James Sayno said...

Notice in the posting above that I did not mention that the old foggies on the Supreme Court might be out of touch with today's issues. This is often one of the criticisms leveled at the antediluvians we see in their black robes on CNN.

I think they showed more technological knowledge than I would have intially given them credit for in their recent hearings on Peer to Peer file sharing. Even Justice Souter mentioned the use of his IPOD.

ikichi said...

It would be interesting to see how many Justices have served on the Court for more than 18 years, to see if a 18 year tenure would change anything, other than perhaps allowing for younger Justices to be nominated without fear of one serving for the next four or five decades.
In general I have opposed term limits on the Court (as I have generally opposed term limits in general), more often favoring the so-called merit system Colorado uses. Of course, the merit system has a fairly major set of problems; such has who decides what ‘judicial merit’ is.

Larry Eubanks said...

ikichi voiced opposition to term limits for Justices as well as in general. But, no reason is given. So I wonder why the opposition?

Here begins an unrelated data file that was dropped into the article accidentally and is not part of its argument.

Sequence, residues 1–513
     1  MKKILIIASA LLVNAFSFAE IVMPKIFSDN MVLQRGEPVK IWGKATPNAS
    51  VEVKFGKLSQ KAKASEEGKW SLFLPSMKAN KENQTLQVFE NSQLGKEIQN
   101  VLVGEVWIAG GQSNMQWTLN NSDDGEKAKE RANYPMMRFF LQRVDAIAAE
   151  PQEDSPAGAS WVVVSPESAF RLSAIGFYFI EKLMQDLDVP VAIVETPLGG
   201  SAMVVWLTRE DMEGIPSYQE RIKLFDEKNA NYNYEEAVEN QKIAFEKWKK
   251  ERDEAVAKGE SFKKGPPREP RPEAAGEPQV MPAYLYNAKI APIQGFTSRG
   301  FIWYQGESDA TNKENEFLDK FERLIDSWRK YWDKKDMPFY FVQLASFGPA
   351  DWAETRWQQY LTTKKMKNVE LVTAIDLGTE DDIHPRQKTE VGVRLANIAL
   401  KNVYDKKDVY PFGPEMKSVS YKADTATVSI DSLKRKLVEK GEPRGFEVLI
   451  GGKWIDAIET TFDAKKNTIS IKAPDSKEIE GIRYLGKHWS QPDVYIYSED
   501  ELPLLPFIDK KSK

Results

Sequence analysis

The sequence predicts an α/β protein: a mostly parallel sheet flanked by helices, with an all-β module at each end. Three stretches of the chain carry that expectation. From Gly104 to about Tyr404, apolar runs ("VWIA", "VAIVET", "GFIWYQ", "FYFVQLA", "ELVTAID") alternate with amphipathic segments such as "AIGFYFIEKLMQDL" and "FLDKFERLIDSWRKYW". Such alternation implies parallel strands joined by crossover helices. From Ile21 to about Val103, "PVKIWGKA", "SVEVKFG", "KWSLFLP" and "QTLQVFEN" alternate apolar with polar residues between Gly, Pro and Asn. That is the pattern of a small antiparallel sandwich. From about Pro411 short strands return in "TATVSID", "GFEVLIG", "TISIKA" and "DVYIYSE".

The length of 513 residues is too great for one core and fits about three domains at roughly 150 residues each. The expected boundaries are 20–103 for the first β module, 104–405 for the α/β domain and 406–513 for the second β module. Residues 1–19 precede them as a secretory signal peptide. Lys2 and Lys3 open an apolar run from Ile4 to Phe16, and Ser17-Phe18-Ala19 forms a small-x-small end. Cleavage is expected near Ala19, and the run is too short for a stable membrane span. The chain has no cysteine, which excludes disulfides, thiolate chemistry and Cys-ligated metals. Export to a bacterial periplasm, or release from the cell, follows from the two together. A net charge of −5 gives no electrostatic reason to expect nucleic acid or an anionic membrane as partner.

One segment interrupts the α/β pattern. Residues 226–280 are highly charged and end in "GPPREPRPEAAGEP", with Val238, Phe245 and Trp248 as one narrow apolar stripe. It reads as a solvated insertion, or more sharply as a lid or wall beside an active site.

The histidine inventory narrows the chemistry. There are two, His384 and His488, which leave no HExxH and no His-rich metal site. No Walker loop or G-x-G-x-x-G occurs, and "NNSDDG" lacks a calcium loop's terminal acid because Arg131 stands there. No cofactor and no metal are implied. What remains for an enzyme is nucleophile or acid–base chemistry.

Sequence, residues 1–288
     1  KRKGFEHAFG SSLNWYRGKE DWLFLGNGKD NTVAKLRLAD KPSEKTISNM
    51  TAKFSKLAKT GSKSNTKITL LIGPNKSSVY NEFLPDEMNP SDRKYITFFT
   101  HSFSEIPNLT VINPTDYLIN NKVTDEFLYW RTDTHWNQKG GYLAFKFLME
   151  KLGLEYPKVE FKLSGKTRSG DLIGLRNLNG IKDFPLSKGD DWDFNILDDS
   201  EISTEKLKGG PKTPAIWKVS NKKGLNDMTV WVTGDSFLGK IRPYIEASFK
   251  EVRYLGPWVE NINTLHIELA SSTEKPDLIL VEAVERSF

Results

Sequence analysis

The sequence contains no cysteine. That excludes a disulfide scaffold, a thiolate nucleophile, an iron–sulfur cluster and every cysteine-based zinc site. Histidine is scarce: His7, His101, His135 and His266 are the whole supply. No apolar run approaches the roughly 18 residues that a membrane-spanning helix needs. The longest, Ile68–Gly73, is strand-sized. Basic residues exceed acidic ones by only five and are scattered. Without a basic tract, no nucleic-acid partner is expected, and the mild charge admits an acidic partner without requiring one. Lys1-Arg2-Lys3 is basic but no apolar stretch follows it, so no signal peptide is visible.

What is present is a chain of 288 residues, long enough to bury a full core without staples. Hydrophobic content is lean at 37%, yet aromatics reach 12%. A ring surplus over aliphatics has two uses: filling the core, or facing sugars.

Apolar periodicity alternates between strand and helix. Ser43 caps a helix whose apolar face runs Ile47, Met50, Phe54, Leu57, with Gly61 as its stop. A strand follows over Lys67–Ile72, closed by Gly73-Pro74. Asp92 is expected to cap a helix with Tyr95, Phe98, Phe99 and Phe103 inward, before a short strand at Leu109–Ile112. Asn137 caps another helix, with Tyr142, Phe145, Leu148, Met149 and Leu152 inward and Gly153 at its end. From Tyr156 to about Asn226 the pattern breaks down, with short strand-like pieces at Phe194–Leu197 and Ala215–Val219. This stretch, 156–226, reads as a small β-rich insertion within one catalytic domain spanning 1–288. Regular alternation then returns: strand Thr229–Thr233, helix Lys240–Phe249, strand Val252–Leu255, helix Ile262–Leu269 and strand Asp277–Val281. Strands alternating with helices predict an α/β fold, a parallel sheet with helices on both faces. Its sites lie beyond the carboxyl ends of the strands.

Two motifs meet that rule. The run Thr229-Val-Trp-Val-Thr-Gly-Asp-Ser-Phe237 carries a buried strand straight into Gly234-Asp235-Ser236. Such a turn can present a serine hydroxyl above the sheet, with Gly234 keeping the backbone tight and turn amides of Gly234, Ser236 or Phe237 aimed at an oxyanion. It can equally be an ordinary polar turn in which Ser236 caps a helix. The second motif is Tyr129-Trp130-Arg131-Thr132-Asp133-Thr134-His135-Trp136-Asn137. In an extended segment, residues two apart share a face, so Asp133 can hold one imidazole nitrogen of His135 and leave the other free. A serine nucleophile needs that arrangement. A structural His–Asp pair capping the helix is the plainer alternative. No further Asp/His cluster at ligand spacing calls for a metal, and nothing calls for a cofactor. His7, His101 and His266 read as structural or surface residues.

ikichi said...

Ah yes, sorry about that, I've been working on a midterm, and I have reason to believe anything I say at this time will be incomplete, if not incoherent.

First, term limits creates lame-duck officials, who no longer have the reelection incentive that otherwise might play a factor in those officials’ actions, letting them do more unpopular things that they might otherwise. That said, having a reelection incentive does not necessarily play a big role in congress, as many districts are ‘safe.’ The Fifth Congressional District of Colorado, our own Rep. Hefley is one of the safest House members.

In addition, term limits can exhaust the pool of eligible candidates, as several area of Colorado found out in DA elections. This also has the bizarre incentive to allow incumbents to serve the maximum number of terms and then everyone jumps for open seats. This has been seen often in Florida, but could also explain the huge number of people running for Colorado Springs City Council in the mayoral election, but almost no competitive race this year.